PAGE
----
James 2 - Favoritism and Faith and Works.

James 2:1-7 - The way of the world, and frankly too often the church, is to look at those ho are poor as failures. They made bad choices, or are not that bright, or else they wouldn't be in that spot. James calls these things 'evil thoughts' in verse 4. If we are honest with each other, there are people that we are tempted to do the same with. They are harder to love because they are needy or maybe just annoying. Do you avoid them in the fellowship (or the workplace, school, wherever)? I know that I am tempted to. I see them on the caller ID or at church or wherever and I hope they won't want to talk to me or I'm tempted to let the call go to voice mail. Oh, I know what I ought to do, so I take the call or have the conversation. But is that what Jesus or James would have us do, gut it out for the sake of doing the right thing?

Instead, I should pray to see them as Jesus does and have his heart to give to them. This goes back to that John Piper list of 5 ways to handle it when you don't want to do what you ought. Instead fo gutting it out, we ought to pray for God's heart.

I was tempted to leave most of this out, because, frankly, it's embarrassing to admit. I have a hunch that many others have these same thoughts and temptations, however, and as disciples of Jesus, we need to be called higher. Jesus spent most of his time here with those who were outcast by society, why should we do any different? The only way we can do as He did, however, is to pray for the transforming work of the spirit in our hearts.

James 2:12-13 - James calls us to live under the law, not the old law but the "law of liberty". In other words, as Paul taught, we are free to live God's way as opposed to being slaves to disobedience. So we should live as one with the freedom, finally, to do the right thing.

What does being judges by the law of liberty mean? It means being judged on our mercy, according to James 2:13. So, having been set free and shown mercy, we must do the same. If we do not, we will not be shown the mercy we claim to embrace.

James 2:14-26 - Some like to point to this passage as saying that good works are required for salvation, even saying that James said that Abraham and Rahab were "justified" by their works. But if you read it properly, James is not saying that at all. he merely points out that the two go hand in hand. Faith without the "good deeds" to back it up is a lie, it simply isn't faith. And note, he never talks about "Good deeds" apart from faith. The two are inseparable. If you claim one without the other, you deceive yourself.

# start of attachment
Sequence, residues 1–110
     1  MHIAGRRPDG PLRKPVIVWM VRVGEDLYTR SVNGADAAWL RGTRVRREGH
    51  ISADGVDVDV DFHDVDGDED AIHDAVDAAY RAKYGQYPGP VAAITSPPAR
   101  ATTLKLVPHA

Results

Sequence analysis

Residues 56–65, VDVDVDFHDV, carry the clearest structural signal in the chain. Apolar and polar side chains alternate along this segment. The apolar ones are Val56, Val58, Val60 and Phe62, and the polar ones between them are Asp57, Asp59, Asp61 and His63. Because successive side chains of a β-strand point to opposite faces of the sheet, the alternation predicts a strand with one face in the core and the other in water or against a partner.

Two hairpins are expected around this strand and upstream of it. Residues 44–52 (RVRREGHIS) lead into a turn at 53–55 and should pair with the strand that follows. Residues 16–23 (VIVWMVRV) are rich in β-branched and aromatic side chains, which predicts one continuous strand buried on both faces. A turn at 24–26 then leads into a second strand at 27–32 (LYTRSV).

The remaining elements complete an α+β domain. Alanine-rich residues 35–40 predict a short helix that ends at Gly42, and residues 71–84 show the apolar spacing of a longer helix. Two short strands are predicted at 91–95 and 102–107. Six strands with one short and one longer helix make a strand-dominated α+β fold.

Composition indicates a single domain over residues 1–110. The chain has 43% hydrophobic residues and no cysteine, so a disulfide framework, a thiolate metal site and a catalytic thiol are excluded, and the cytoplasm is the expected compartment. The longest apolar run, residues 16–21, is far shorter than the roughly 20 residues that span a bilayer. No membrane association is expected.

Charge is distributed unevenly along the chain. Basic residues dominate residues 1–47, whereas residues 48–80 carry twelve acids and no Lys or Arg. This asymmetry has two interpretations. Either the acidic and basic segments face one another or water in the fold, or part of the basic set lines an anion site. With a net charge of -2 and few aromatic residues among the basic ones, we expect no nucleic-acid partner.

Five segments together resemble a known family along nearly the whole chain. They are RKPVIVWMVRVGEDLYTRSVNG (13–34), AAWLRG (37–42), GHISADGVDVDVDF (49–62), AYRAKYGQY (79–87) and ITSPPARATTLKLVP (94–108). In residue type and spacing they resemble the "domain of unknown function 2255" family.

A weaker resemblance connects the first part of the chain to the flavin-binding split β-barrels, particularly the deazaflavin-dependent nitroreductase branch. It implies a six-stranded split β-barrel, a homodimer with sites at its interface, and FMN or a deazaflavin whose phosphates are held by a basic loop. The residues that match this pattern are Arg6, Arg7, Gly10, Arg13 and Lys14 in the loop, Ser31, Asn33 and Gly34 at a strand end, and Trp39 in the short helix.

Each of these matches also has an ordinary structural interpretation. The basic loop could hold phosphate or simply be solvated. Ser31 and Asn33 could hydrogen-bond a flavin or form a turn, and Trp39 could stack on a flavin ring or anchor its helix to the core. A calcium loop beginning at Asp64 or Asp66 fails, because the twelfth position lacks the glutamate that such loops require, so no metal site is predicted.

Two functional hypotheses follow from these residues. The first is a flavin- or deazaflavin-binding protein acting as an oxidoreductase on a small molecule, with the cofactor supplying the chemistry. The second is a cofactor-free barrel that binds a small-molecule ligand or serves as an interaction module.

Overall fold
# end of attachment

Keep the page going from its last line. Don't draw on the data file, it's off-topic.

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I don't have any answers here, but I have some questions. They've been troubling me since I got connected with an honest-to-goodness bum.

"Those who are poor" in America are that way because they choose not to be under anyone's control. They won't have anyone telling them they have to be at work at such and such a time, or pay the rent on X day. The hard-working family that's hard on their luck have always gotten a pretty generous shake in America, and they still do.

The American poor may be that way because of mental illness, addiction, or sheer cantankerousness, but they share an absolute undependability. They will gladly take anything with zero strings attached, but the moment they must commit to giving something back, they're gone. That evaluation is not up for debate with me. Each person is different and each person's limits are different, but anyone who will gladly pay what they're able for a thing of value will soon enough no longer be poor in America.

So, my question is how you think James 2 might apply to those people. They came to Jesus and He healed them all, but Jesus had the Spirit without measure and even He got grumpy when people followed Him for nothing but food.

Are these evil thoughts in my heart?

Evil thoughts? I don't think so. Evil would be to desire to just toss them aside.

I've not experienced what you have and so I can't say that I have thought much about this. Never actually considered it, frankly. Probably one of the reasons I hadn't feels somehow unloving to think of folks who will take and take until there's an expectation to give back. Easier to believe that it doesn't exist. But to call a spade a spade isn't unloving, it's just honest and perhaps more loving than pretending it doesn't exist.

Not sure how it applies to James 2. Those folks, even if undependable, are still not to be overlooked. If anything, it makes the truth of it that much harder to implement. Folks like that are even harder to love, harder to be with and harder to continually give to.

I'm not sure how to determine it except on a case by case basis, but it seems that there should be a limit on what you give in such circumstances. Jesus called people to give and to a self sacrificing commitment and some turned away when confronted with that. Love doesn't feed selfishness or laziness. How do you say when? A lot of discernment and advice I would think.

I'm with you, Salguod. Thanks.



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  • Evil thoughts? I don't think so. Evil would be to desire to just toss them aside. I've not experienced what you have and so I can't say that I have thought much about this. Never actually considered it, frankly. Proba...

  • I don't have any answers here, but I have some questions. They've been troubling me since I got connected with an honest-to-goodness bum. "Those who are poor" in America are that way because they choose not to be under...

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